There are few better-known brands in public service journalism than the Bulletin of the Atomic Scientists. Founded in 1945 by University of Chicago physicists who helped produce the atom bomb, the organization adopted its famous clock logo two years later, with an original setting of seven minutes to midnight. Since then it has expanded the coverage of its monthly magazine and web page to include climate change, biotech, and other disruptive technologies.
In May, it published “The origin of COVID: Did people or nature open Pandora’s box at Wuhan?,” by veteran science journalist Nicholas Wade. Its appearance apparently prompted President Biden to ask US intelligence agencies to reassess the possibility that a virus genetically engineered to become more dangerous had inadvertently escaped from a US-funded laboratory in China. So when the Bulletin last week produced publisher Rachel Bronson, editor-in-chief John Mecklin and Wade for a one-hour q&a podcast, I tuned in.
Wade, too, has a substantial reputation. He served for many years as a staff writer and editor for Nature, Science, and the science section of The New York Times. He is the author of many books as well, including The Nobel Duel: Two Scientists’ Twenty-one Year Race to Win the World’s Most Coveted Research Prize (1980), Before the Dawn: Recovering the Lost History of Our Ancestors (2006), and The Faith Instinct (2009).
True, Wade took a bruising the last time out, with Troublesome Inheritance: Genes, Race, and Human History (2014), which argued that human races are a biological reality and that recent natural selection has led to genetic difference responsible for disparities in political and economic development around the world. Some 140 senior human population geneticists around the world signed a letter to The New York Times Book Review complaining that Wade had misinterpreted their work. But the editors of the Bulletin of the Atomic Scientists would have taken that controversy into consideration.
The broadcast was what I expected. Publisher Bronson was proud of the magazine’s consistent attention to issues of lab safety; investigative journalist Wade, pugnacious and gracious by turns; editor-in-chief Mecklin, cautious and even-handed. When they were done, I re-read Wade’s article. I highly recommend it to anyone interested in the details. He is a most lucid writer.
What comes through is connection between the US National Institute of Health and the Wuhan lab, one of several, in which NIH was funding a dangerous but essentially precautionary accine development enterprise known as “gain-of-function” research (see Wade’s piece for a lucid explanation). Experts have known since the beginning that the virus was not a bioweapon. The only question was how it got loose in the world. What I find lacking in Wade’s account is context.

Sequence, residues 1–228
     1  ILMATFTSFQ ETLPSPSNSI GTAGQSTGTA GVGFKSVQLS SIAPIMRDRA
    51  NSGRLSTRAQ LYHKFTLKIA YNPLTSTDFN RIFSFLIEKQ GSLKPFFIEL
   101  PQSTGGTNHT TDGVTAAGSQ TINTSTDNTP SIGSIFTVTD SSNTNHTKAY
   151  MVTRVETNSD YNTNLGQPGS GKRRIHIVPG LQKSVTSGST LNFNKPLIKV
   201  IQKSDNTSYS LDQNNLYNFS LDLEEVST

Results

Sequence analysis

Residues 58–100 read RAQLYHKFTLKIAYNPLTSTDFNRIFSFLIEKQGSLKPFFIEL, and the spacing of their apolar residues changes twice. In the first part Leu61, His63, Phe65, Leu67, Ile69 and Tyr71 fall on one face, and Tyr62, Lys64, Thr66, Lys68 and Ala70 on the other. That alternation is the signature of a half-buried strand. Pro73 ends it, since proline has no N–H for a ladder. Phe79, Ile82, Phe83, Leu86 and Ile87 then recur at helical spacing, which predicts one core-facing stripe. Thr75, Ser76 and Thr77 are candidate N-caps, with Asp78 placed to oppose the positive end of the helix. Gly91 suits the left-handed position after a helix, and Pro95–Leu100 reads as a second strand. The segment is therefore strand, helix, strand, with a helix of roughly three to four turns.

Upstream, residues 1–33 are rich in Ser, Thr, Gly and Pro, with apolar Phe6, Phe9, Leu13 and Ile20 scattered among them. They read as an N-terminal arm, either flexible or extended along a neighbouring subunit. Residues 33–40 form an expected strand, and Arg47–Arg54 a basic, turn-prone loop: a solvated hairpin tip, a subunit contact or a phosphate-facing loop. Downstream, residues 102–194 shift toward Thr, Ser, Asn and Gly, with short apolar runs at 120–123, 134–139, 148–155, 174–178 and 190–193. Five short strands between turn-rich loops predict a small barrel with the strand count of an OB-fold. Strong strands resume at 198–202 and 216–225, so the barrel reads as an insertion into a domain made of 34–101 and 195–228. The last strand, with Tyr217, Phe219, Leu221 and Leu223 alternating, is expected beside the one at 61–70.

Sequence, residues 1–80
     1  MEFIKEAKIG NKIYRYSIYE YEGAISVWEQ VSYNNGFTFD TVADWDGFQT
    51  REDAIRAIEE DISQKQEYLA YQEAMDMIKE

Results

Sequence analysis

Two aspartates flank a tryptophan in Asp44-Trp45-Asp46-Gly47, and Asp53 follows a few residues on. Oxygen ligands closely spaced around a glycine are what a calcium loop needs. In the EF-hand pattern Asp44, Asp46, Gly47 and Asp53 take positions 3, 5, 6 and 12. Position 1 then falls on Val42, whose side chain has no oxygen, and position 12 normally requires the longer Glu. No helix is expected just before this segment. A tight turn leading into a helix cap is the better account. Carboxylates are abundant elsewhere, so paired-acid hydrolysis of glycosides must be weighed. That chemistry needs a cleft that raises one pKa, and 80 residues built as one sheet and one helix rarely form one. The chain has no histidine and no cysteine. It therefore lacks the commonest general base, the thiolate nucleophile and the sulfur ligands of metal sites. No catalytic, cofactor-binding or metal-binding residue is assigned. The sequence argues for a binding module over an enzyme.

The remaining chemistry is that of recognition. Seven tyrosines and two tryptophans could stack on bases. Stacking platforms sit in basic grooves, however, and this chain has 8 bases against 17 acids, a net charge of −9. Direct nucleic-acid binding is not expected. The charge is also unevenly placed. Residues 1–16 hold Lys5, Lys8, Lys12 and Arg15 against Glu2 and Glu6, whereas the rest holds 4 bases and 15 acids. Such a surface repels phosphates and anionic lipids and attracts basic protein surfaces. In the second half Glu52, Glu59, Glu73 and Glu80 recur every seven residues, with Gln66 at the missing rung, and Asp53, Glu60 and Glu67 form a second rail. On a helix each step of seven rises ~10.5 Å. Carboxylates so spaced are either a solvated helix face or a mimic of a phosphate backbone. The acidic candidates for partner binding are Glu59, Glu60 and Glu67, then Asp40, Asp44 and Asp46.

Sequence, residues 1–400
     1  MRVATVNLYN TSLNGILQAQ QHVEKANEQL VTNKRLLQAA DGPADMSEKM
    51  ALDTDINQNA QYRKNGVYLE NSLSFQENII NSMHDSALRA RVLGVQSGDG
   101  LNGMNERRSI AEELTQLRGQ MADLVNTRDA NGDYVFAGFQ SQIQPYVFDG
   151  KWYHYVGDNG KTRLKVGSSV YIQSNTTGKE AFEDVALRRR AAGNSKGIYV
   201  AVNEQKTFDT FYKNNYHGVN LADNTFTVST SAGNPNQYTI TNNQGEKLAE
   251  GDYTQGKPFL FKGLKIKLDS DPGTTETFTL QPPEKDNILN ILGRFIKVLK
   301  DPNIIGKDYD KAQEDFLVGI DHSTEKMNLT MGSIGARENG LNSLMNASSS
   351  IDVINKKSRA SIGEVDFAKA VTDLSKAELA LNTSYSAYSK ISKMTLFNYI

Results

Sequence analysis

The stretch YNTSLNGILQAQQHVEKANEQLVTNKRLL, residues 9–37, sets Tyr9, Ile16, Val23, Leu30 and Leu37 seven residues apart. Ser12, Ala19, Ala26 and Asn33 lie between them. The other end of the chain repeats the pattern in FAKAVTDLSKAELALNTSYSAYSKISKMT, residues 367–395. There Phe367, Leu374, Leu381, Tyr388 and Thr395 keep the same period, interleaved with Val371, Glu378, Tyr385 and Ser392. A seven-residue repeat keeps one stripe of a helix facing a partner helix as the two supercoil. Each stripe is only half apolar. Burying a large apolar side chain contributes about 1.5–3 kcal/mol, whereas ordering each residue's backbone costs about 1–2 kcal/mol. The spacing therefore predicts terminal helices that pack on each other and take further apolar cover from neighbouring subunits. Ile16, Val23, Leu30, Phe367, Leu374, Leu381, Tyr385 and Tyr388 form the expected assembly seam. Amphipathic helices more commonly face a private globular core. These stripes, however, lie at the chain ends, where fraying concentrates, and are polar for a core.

From the beginning, the Trump, administration sought a Chinese scapegoat to distract from the president’s failure to comprehend the emergency his government was facing. Wade complains that “The political agendas of governments and scientists” had generated “thick clouds of obfuscation that the mainstream media seem helpless to dispel.”
What he fails to recognize is the degree to which the obfuscation may have been deliberate, foam on the runway, designed to prevent an apocalyptic political explosion until vaccines were developed and the contagion contained. In the process, a few whoppers about the likelihood that the virus had evolved by itself in nature were devised by members of the world’s virology establishment. Wade’s generosity in his acknowledgments at the end of his article make it clear there was ample reason to want to know more about the lab-leak explanation long before Biden commissioned a review.
Wade is a journalist of a very high order, but to me he seems tone-deaf to the overtones of his assertions. I was reminded of a conversation that Emerson recorded in his journal in 1841. “I told [William Lloyd] Garrison that I thought he must be a very young man, or his time hang very heavy on his hands, who can afford to think much, and talk much, about the foible of his neighbors, or ‘denounce’ and ‘play the son of thunder,’ as he called it.” Wade, in contrast, likes to quote Francis Bacon: “Truth is the daughter, not of authority, but time.”
But remember too that time, as the saying goes, is God’s way of keeping everything from happening at once. The news Friday that The New York Times has been recognized with the 2020 Pulitzer Prize for Public Service was not surprising. There are six months of developments yet to go in 2021, but my hunch is that, when preparations begin for the award next year, a leading nominee will be the Bulletin of the Atomic Scientists.